Candy Kittens Eton Mess Gourmet Sweets

overall rating:

1.5

planets

Aakanksha Bharadwaj
3/13/2022
No items found.

Candy Kittens was founded in 2012, who wanted to make ‘gourmet sweets’ that appealed to adults in quintessentially British flavours, such as strawberries and cream. They are my favourite sweet brand; I was surprised to see that they did not already have a review on Voiz, considering how they advertise that they are palm-oil free, vegan and carbon neutral on the packaging. As a result of this, the company asserts that these have a lighter footprint on the Earth, which is definitely important considering the climate emergency and other problems regarding environmental degradation. At round £3 a pack, they are not accessible to people who want to shop sustainably but do not have a disposable income. Plus, all sweets must be enjoyed in moderation to live a healthy lifestyle. The optimist in me believes that this high price goes towards purchasing ethically-sourced ingredients or funding fully electric logistics networks, but there is no any information regarding that. Candy Kittens deserve credit for offsetting its carbon emissions and promoting sustainable lifestyles. However, I do think they can do better in a few different areas, especially regarding transparency, to prevent the likelihood of greenwashing.

What it's made of:

0.9

The ingredients read: sugar, strawberry juice, coconut water, acids (malic acid, citric acid, lactic acid), potato protein, sweet potato and apple concentrates, hydrolysed pea protein, sunflower oil, carnauba wax. They are also packaged in a plastic pouch.

The entire line is vegan. Although I am not a vegan myself, I can appreciate the environmental impacts of reducing animal product consumption, as this puts less pressure on the environment and its resources, like water. The company removed gelatine and beeswax from these Eton Mess sweets, making them vegan. Removing palm oil is also an environmentally friendly decision, as tropical rainforests experience extensive deforestation to make space for palm oil plantations. Plus, adding pea protein to any vegan product is a great way to get additional protein, a food source that is more likely to be lacking in any plant-based diet. Although that shouldn’t be used as a justification to eat nothing but these sweets, you must appreciate where effort is put in.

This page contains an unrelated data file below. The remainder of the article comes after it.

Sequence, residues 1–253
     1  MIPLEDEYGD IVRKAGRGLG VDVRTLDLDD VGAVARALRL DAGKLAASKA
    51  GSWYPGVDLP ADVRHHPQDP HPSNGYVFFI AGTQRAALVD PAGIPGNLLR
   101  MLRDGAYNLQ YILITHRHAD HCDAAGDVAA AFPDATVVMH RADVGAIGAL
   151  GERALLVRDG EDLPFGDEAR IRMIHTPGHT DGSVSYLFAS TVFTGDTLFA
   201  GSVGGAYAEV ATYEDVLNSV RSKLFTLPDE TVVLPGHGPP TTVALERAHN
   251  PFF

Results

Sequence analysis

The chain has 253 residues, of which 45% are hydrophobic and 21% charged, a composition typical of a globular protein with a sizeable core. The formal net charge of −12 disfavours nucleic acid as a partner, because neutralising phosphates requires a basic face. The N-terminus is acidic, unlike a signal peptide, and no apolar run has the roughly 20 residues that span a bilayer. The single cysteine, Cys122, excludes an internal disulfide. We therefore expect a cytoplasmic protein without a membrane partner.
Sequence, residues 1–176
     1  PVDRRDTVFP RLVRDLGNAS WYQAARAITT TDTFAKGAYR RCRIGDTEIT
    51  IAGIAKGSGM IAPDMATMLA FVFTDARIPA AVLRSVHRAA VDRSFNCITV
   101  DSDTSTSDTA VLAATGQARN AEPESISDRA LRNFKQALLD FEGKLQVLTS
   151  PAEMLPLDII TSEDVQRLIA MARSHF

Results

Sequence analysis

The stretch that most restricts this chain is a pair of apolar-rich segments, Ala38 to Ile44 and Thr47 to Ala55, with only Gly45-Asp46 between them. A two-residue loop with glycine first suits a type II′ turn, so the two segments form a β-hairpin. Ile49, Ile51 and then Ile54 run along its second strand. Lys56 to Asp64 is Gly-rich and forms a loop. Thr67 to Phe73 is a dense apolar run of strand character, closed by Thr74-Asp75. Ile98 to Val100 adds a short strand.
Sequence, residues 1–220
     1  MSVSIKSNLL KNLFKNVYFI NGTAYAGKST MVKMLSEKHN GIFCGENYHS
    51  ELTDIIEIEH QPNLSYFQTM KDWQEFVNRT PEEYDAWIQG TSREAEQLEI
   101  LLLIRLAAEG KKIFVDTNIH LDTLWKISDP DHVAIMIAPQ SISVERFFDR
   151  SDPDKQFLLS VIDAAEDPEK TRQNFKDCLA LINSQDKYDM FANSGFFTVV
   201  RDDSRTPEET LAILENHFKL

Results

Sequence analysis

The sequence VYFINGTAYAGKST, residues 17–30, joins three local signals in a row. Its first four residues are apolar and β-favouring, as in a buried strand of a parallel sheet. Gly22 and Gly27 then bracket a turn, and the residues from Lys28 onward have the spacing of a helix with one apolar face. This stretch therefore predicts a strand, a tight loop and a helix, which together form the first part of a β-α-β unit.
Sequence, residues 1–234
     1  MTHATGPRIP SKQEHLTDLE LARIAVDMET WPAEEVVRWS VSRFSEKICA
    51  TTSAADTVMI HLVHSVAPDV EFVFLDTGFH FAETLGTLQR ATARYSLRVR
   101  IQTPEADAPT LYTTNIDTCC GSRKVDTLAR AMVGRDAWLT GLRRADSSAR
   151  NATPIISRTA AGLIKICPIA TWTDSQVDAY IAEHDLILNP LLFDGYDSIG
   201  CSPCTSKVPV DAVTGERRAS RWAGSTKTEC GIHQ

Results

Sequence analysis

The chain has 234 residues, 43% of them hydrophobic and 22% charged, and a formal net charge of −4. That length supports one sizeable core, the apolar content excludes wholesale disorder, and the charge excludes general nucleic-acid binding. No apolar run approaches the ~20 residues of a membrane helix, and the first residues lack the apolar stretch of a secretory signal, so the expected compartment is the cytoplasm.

Some ingredients on this list are slightly more problematic though. This is because there is practically no transparency provided to make me believe that these ingredients are being sourced sustainably. For example, the coconut water. The world’s top coconut producing country is Indonesia, followed by Philippines and India; these are places where workers are also subject to exploitative low wages. Plus, coconuts require lots of water to grow, which can stress the livelihoods of small farmers. There is no information to reassure a consumer that coconut water is being sourced sustainably and ethically.

Another problematic ingredient is carnauba wax – it is native to northeast Brazil. This means that carnauba must be exported to international places, releasing a significant amount of emissions. This is clearly not environmentally sustainable. Poorer areas which are much more vulnerable to farmer exploitation, deforestation and price drive down from large companies. Because of this, workers are potentially earning very little pay, living precarious and unsustainable lives. However, Candy Kittens has joined the 'Initiative for Responsible Carnauba', which tries to improve working conditions and preserve biodiversity. I think it would be interesting to do an in-depth study on this initiative to explore how sustainable they really are.